Mobile Phones Guide

Smartphones Versus UMPCs: Mobility Meets Mobility

Smartphones Versus UMPCs: Mobility Meets Mobility


Mobility Meets Mobility

Smartphones Versus UMPCs

Mobility and efficiency have always been important for executive workers, more so in our global and connected society. Over the years, many devices have been spawned to fulfill these requirements. Ever since the emergence of the first "smartphone" way back in 1992 named Simon, consumers have increasingly favored such electronic mobile devices to help manage and schedule our work lives and real lives. In short, a compact and improved version of the good ol' FiloFax .

As we speak, the world of handheld mobile computing now can be roughly divided into two major classes of devices, smartphones and the relatively young invention known as the Ultra Mobile Portable Computer (UMPC). Unlike smartphones and its straightforward merger of communications and computing, UMPCs were actually designed to be a cross between a smartphone and a normal laptop, possibly making it an even more niche hybrid device. Back in 2006, Microsoft, Intel, Samsung and others came together to lay out the specifications for the UMPC segment. Intended to be a full-fledged computer running on hardware small enough to be pocket-able, UMPCs are therefore new entrants to an already saturated handheld market.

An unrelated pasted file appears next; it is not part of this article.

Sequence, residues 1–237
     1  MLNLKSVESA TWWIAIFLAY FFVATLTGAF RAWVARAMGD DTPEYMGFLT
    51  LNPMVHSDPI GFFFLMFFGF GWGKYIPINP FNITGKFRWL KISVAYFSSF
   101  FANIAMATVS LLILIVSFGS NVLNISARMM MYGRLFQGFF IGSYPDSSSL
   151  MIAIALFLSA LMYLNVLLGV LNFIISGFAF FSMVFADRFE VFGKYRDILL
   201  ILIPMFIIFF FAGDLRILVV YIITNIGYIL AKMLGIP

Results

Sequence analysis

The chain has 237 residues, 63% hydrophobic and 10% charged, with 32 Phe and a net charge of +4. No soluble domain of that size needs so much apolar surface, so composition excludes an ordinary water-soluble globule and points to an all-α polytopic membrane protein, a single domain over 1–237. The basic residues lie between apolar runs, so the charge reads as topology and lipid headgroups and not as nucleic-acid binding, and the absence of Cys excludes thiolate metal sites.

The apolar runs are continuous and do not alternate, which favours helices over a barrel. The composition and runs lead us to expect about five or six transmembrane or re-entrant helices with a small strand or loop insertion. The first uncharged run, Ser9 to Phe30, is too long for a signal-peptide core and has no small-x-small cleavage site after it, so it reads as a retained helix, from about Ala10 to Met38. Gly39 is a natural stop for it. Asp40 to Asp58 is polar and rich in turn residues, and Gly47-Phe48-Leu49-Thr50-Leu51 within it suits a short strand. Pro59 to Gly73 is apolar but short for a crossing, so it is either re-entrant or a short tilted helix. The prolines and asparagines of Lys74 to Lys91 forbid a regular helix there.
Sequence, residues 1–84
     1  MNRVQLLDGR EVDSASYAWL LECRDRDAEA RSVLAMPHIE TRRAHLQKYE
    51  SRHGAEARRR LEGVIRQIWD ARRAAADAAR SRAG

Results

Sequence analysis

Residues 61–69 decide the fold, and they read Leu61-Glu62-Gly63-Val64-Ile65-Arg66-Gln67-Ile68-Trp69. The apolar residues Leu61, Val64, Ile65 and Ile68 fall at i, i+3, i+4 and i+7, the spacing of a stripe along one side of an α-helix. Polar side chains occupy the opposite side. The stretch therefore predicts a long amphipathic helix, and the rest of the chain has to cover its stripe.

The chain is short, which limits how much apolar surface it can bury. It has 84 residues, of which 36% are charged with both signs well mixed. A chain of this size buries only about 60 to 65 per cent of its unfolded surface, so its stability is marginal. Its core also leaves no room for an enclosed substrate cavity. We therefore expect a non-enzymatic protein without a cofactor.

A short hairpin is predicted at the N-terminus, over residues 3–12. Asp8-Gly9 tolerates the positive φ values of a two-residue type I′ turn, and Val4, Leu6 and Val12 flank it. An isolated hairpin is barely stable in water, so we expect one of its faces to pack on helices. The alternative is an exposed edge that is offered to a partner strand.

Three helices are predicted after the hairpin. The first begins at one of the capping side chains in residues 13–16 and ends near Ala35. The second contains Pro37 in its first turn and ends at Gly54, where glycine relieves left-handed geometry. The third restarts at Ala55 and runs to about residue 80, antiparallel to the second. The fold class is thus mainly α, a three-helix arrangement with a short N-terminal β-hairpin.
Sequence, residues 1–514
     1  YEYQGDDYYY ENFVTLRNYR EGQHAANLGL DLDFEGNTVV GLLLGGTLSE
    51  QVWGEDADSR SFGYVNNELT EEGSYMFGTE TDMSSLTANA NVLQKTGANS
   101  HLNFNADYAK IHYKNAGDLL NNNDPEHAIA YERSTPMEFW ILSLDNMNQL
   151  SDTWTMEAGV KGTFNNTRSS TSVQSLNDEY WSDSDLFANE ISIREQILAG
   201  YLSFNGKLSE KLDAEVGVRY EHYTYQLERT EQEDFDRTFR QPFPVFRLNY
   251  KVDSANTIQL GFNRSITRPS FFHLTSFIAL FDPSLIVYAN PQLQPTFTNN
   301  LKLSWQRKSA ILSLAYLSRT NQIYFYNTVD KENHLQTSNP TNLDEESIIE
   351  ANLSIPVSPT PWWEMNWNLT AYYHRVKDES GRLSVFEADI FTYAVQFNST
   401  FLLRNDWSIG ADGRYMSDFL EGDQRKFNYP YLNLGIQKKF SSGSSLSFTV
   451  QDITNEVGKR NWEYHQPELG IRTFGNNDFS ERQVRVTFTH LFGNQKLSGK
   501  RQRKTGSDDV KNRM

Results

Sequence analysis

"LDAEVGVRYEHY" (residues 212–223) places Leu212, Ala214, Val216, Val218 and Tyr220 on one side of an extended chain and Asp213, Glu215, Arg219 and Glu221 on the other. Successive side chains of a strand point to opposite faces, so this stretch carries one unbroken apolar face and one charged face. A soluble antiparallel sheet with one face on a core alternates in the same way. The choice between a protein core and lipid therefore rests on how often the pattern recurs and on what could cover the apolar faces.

Smartphones on the other hand, have come a long way since the days of being a "file of facts" replacement. While the FiloFax is still around (and still retailing at premium prices for their leather bound goodness), there are currently sufficient variations in both hardware and software platforms for the smartphone such that tracking every change and feature can be both confusing and challenging. If you look at the broader picture however, it's perhaps a good thing that there happens to be a diverse variety of options available to the consumer now, catering to their various needs and personalities. Competition drives innovation, without which we would probably still be using the pen and paper to record and plan for our day to day activities. Not that practicing your handwriting is a bad thing, but progress is always good, yeah?